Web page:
Money Transfer, Wire Services, Green Dot Money Pak
A common tool used by scammers is to convince you over the telephone or e-mail to pay using a wire transfer service such as Western Union or Money Gram.
Scammers may also try to tell you to pay them using a Green Dot Money Pak card or similar pre-paid credit card purchased at a store. These services provide a convenient way to transfer or give money to someone else, but should be used wisely. For more information click on their links in bold type above.
People trying to steal your money over the telephone will often have these traits:
- Poor telephone connections consisting of static or delays in speaking.
- Claim of working for a branch of the government or law enforcement.
- Claim that you are involved in an enforcement action or legal proceedings.
- May threaten you with arrest for failing to follow through with payment.
- They may at some point request you purchase a Money Pak or Green Dot or
similar pre-paid credit card at a store and read them the numbers over the
phone. DO NOT DO THIS. IT IS A SCAM!
Lower your chances of falling victim to fraud by checking out these eight
things you should never do when using a money transfer service.
1. Never wire money to people you don't know or haven't met.
2. Never wire money to pay for taxes or fees on lottery or prize winnings.
3. Never purchase a pre-paid card at a store and give the number to someone
over the phone who has called you requesting you do this.
4. Never provide your banking information to people or businesses you don’t know.
5. Never wire money in advance to obtain a loan or credit card.
6. Never wire money for an emergency situation without verifying that it’s a real emergency.
7. Never send funds from a check you received in the mail and deposited in your account until it officially clears—which can take weeks.
8. Never wire a money transfer for online purchases.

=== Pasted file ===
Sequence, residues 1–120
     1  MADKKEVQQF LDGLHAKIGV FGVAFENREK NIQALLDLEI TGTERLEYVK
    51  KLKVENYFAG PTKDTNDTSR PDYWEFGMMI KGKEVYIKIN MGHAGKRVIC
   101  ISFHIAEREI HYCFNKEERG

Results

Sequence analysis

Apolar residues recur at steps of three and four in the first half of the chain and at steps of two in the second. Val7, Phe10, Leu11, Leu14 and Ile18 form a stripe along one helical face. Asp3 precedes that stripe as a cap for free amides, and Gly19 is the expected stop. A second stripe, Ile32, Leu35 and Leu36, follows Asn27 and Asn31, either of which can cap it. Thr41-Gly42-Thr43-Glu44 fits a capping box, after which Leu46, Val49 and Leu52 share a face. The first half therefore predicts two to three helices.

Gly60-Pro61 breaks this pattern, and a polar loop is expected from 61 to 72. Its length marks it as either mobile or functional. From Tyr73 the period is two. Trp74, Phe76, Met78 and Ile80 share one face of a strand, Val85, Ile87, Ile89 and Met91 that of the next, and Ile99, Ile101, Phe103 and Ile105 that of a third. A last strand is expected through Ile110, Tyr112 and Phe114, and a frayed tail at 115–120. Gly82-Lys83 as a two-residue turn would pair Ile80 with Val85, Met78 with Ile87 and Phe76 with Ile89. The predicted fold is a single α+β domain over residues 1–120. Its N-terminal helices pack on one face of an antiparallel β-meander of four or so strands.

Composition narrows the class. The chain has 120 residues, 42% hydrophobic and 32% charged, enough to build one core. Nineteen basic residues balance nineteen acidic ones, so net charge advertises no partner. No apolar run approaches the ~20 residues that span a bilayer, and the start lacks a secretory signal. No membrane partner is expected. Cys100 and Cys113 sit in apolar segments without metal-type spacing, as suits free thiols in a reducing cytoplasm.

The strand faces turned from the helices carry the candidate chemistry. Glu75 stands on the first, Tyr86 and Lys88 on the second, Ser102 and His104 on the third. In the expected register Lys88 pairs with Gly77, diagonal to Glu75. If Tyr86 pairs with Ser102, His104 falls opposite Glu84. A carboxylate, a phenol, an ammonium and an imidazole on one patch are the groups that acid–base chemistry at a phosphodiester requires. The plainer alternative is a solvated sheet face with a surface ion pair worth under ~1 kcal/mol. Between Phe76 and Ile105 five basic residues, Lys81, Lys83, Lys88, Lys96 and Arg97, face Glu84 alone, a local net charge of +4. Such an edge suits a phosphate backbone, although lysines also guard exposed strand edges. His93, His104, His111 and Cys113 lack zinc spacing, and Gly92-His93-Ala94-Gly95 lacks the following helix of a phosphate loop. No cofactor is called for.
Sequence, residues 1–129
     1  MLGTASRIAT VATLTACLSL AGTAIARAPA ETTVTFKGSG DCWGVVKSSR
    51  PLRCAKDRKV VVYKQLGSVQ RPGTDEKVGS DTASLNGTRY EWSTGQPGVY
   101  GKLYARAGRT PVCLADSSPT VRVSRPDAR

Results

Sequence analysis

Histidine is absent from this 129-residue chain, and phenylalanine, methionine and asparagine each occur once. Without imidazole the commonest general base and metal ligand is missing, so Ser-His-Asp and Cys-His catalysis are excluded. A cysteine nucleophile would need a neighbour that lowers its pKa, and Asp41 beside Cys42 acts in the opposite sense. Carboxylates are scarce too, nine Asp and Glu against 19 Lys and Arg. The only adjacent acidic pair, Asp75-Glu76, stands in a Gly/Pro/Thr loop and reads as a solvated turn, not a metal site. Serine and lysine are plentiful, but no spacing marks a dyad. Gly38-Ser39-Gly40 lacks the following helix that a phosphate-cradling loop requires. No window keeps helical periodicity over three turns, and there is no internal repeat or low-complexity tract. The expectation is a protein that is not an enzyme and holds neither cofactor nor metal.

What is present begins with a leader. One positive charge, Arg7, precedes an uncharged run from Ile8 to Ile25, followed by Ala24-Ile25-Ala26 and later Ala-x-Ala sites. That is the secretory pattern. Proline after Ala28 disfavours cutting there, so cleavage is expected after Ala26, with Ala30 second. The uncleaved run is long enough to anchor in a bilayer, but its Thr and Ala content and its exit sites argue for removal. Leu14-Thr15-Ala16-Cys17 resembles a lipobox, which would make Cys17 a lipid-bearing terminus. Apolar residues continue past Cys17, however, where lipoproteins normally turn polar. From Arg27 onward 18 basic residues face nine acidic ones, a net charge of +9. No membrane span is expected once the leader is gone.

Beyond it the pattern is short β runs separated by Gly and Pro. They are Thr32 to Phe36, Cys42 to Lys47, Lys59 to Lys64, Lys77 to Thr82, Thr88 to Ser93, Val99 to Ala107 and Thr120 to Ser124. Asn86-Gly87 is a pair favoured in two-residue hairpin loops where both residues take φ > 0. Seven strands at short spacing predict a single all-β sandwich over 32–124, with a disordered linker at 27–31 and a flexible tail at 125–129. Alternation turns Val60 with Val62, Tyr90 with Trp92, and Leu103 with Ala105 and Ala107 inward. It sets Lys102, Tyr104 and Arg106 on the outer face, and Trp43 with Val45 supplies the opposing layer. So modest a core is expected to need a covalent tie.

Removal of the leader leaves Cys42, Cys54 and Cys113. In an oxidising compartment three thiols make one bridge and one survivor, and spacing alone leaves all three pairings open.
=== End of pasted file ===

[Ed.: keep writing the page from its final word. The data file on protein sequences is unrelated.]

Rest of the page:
FBI E-Scams and Warnings (third party website link)
The Internet Crime Complaint Center (IC3) continues to receive reports of individuals' e-mail or social networking accounts being compromised and used in a social engineering scam to swindle consumers out of thousands of dollars. Portraying to be the victim, the hacker uses the victim's account to send a notice to their contacts. The notice claims the victim is in immediate need of money due to being robbed of their credit cards, passport, money, and cell phone; leaving them stranded in London or some other location. Some claim they only have a few days to pay their hotel bill and promise to reimburse upon their return home. A sense of urgency to help their friend/contact may cause the recipient to fail to validate the claim, increasing the likelihood of them falling for this scam. If you receive a similar notice and are not sure it is a scam, you should always verify the information before sending any money.
If you have been a victim of this type of scam or any other Cyber crime, you can report it to the IC3 website at www.IC3.gov. The IC3 complaint database links complaints for potential referral to the appropriate law enforcement agency for case consideration. Complaint information is also used to identity emerging trends and patterns. ....More
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